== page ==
Originally published on metropolis.co.jp on February 2010
I was recently in China on a business trip and, like everyone else who visits the country, I was astounded by the rapid economic growth I saw everywhere. Sure, China is still less developed than Japan in many areas, but in others it has already sailed past its neighbor.
Take, for example, retail banking. Almost all Chinese banks in urban areas have ATMs that accept most cards, both foreign and domestic, 24 hours a day. Many banks stay open past 5pm, and some even have hours on weekends and holidays. In other words, in China banking is the way it should be—fast, convenient and reliable. Those of us who live in Japan can only wish that were the case here.
Let’s start with ATMs. For some mysterious reason, Japanese “automated” teller machines keep hours similar to their human counterparts, and most of them won’t even read a foreign card. Those banks that do have ATMs available after hours do incredible things like charging fees for making a deposit. And then there’s the quasi-public postal banking system, which does have ATMs that accept foreign cards. But, like good public servants, the machines don’t work overtime.
As inconvenient as the ATMs are, a trip to a teller window can be even more frustrating. Banks are only open on weekdays, never on holidays or weekends, and most only from 9am-3pm. You must take time off to visit the bank, unless there happens to be one close to your work and the lines are short enough for you to visit during lunch.
Unfortunately, this is rarely the case. Thanks to the web of non-standard furikomi fund-transfer fees, which can vary based on the banks involved or even the time of day, you need multiple accounts, lest you get smacked with a fee for just receiving your paycheck. As a result, most people in Japan end up with accounts at several banks, plus the post office, and it’s unlikely these are all within walking distance of where they work. For example, I have a special account at a third-rate bank whose closest branch is nowhere near anything, just because it’s the only way I can furikomi my rent to my landlord without paying a fee.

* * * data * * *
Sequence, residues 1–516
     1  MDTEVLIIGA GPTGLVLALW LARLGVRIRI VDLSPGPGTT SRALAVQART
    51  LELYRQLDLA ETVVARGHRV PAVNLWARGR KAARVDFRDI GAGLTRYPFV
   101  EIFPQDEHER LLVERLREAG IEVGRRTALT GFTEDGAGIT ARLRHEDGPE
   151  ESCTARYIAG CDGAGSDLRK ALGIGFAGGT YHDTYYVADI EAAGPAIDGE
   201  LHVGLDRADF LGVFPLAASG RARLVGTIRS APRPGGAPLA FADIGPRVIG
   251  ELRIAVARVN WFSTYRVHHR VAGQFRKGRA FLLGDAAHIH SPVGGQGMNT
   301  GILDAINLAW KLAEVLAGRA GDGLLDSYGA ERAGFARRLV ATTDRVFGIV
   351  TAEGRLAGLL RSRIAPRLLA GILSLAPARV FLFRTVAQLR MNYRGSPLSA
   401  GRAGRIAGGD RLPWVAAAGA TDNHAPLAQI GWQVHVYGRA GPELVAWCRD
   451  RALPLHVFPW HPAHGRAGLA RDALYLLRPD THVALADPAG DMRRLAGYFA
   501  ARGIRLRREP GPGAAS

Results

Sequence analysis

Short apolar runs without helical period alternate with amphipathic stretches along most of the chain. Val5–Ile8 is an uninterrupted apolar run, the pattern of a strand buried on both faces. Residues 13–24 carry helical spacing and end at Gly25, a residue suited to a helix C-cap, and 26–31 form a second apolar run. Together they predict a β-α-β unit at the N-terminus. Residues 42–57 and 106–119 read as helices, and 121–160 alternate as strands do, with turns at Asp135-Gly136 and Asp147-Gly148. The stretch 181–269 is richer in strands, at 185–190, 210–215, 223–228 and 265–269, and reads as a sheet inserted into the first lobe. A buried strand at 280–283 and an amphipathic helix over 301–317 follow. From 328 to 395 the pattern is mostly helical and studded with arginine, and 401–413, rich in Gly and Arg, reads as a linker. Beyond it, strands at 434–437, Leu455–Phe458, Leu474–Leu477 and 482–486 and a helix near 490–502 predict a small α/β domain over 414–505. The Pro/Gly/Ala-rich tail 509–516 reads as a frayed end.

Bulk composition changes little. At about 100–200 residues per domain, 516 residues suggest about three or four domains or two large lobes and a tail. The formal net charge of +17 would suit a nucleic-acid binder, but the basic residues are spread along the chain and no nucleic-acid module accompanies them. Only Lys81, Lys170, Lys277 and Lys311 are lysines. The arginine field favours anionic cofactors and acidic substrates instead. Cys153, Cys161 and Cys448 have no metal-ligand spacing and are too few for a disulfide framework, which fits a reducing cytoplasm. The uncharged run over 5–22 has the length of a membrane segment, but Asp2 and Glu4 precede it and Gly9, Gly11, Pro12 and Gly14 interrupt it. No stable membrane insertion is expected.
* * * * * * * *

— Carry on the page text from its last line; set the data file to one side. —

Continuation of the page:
I asked an upper-level manager at one of Japan’s bigger banks why they close so early. “The staff have things to do in order to close up shop at the end of the day,” he replied.
I am not satisfied with this answer. All businesses have to “close shop” at the end of the day; why must banks start that process two or three hours before everyone else? In other countries, big city banks often have branches open past 7pm, as there is enough foot traffic to make this profitable. Last time I checked, Tokyo was a big city.
And then there’s banking bureaucracy. How many middle-aged men sitting at desks in the back of the room does it take to “oversee” tellers who should be capable of working on their own? For a country that places so much emphasis on labor-saving automation, Japan’s banking procedures are strikingly manual.
For example, I recently signed up for electronic banking, a process that was anything but “electronic.” After filling out three different forms in triplicate, which involved a teller and two senior employees and a couple of phone calls to clear up their mistakes, I managed to get my account set up. But then I was told I would still have to come to the bank, during business hours only, to use the ATM to put money into the account.
It’s not just that Japan’s system is inconvenient as compared to that in China or the West—it’s inconvenient compared to practically everywhere else. Of the 60-odd countries I’ve traveled to, only two had ATMs less convenient than Japan’s: Myanmar and North Korea—and that’s because they didn’t have any. Even in small post-Soviet countries like Tajikistan, or in war-torn Afghanistan, it’s easier to find an ATM that accepts foreign cards and stays open late.
The commonly heard excuse for all this—that Japan is still a “cash-based” society—doesn’t hold water. The same is true of most of the world’s 200 countries. Japan is famous for championing industrial policy and the state-sponsored advancement of high-tech industry. If that’s what it takes to get the banking system whipped into shape, then perhaps the bureaucrats over at the Ministry of Economy, Trade and Industry should take a hack. Otherwise I know a solution that would work: open up the banking industry to more direct, unregulated foreign competition from firms like Citibank, HSBC and the Bank of China, who understand the concept of 24-hour ATMs and convenient retail banking. This would force the dinosaurs to evolve or face extinction.